On ice power skating for hockey players
Crossovers are the maneuvers used to accelerate on curves, circles and corners. They make it possible for players to weave in and out of traffic, zigzag down the ice, change direction, turn from backward to forward, and move laterally (from side to side). Powerful, fast crossovers are essential for all hockey players.
Edges - Why. Edges are the key both for traveling a curved path and for pushing against the ice. Contrary to popular belief, skates are NOT held straight up. When held straight up the skater rides on the "flat" of the blade (rides on inside and outside edges simultaneously). The flat of the blade is designed to travel a straight line on the ice. It is not designed to curve or to grip the ice. Therefore, when on the flat it is impossible to curve or to push.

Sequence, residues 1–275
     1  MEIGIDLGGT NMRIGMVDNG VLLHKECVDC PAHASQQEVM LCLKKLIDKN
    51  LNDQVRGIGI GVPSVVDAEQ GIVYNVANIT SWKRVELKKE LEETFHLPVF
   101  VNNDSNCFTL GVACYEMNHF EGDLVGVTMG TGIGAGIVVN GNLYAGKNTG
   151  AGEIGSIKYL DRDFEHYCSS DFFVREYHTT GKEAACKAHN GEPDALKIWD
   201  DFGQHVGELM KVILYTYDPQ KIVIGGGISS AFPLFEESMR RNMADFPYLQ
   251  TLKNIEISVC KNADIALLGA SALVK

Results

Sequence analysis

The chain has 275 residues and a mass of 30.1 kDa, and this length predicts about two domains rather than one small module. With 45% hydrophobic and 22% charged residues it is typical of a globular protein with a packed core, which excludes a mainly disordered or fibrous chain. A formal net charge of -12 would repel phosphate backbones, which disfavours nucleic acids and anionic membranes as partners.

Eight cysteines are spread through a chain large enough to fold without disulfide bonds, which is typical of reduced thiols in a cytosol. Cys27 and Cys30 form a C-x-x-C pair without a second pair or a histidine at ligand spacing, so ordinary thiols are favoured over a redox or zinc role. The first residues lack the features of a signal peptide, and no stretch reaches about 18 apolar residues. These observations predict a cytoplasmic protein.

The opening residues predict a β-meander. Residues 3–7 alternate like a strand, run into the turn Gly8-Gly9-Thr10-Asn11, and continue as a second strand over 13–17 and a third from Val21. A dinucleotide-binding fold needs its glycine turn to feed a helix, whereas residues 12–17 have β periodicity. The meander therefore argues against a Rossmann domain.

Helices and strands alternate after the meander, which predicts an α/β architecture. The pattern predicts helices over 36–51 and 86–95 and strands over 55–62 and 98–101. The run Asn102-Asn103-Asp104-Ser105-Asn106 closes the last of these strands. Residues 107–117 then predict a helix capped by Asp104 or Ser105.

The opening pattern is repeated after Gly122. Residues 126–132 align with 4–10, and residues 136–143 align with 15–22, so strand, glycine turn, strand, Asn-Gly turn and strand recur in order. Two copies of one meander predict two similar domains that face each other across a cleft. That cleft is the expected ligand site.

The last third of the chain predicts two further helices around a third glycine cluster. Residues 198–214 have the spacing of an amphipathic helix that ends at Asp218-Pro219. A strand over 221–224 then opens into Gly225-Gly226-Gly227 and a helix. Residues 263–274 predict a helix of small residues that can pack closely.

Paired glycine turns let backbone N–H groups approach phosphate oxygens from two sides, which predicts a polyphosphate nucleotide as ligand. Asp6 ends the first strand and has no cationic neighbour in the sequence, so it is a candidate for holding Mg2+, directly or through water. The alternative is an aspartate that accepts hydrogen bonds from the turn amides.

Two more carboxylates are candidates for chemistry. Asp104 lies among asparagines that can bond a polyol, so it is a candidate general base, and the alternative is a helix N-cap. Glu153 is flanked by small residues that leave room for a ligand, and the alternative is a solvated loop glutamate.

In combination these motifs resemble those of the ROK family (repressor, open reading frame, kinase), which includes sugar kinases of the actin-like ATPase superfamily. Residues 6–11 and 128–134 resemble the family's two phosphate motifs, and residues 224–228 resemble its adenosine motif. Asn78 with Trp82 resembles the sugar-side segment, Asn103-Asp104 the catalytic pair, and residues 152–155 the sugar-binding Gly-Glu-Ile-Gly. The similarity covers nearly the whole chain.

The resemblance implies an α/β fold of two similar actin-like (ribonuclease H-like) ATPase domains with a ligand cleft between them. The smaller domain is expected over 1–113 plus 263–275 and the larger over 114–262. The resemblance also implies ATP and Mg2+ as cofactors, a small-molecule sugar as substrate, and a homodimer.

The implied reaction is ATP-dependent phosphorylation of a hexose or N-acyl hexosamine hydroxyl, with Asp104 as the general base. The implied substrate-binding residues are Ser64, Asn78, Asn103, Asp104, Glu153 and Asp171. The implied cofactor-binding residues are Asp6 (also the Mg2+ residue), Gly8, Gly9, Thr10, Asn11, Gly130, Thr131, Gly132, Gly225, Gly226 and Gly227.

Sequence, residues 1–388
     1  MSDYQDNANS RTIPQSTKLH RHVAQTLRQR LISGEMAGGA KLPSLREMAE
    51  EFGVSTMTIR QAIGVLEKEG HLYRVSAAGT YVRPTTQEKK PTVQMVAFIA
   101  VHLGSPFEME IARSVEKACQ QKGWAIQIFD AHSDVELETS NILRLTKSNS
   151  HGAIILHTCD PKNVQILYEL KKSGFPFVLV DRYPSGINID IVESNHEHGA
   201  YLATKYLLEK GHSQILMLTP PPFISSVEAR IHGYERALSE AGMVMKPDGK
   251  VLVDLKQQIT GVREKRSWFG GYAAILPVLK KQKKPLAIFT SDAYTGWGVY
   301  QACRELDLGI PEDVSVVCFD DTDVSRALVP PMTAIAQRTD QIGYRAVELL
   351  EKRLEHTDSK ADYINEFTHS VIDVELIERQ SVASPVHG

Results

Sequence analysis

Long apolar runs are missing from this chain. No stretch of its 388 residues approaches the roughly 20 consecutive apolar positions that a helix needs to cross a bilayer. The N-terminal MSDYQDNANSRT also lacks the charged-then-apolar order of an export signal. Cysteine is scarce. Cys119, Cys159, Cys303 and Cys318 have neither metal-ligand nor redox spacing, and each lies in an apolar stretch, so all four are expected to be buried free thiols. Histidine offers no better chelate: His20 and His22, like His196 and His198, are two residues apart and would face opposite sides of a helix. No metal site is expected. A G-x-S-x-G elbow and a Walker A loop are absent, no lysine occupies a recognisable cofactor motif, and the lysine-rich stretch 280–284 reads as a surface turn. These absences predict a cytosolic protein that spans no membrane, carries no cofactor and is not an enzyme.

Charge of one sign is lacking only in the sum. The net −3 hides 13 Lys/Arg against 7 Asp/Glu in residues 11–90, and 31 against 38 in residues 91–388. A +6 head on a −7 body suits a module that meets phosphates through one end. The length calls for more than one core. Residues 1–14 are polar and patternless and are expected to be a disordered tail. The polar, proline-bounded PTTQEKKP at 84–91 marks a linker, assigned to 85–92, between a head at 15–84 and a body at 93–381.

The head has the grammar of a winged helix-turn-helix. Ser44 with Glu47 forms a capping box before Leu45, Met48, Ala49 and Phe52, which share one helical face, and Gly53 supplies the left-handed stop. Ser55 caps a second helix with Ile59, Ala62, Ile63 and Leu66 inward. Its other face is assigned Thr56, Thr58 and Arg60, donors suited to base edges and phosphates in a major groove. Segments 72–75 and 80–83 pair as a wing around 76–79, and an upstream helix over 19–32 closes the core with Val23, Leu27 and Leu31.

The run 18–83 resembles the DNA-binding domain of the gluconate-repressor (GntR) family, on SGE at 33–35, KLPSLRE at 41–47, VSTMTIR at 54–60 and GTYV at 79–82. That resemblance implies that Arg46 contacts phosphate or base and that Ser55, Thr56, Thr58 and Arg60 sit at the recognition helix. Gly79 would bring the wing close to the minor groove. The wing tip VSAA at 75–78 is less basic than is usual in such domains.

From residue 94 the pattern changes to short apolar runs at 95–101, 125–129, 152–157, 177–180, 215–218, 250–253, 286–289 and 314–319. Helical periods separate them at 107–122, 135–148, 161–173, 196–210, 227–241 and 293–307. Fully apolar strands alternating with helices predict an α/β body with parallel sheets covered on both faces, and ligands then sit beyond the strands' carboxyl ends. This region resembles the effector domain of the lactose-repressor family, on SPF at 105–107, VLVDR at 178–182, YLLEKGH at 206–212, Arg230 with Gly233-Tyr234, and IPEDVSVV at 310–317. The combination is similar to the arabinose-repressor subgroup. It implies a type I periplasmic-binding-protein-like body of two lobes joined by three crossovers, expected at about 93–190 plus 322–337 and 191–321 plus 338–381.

Edges - How. Skates and Body Must Coordinate to Achieve Edges. Crossovers require strong, simultaneous edging on both the pushing and gliding skates. The inside skate always glides on its outside edge; the outside skate always glides on its inside edge. The skates alone cannot achieve edges. The entire body must coordinate with the skates to produce effective edges.
Forward Crossovers (Video Clip)
Practicing Properly: Motor learning is a long-term process. With this in mind, practice slowly and in segments, then slowly as a whole, then faster and faster, then at top speed, and same while controlling a puck. The ultimate goal is to skate correctly, powerfully and quickly, with or without the puck, when in game situations and under lots of pressure.
Laura Stamm © January, 2004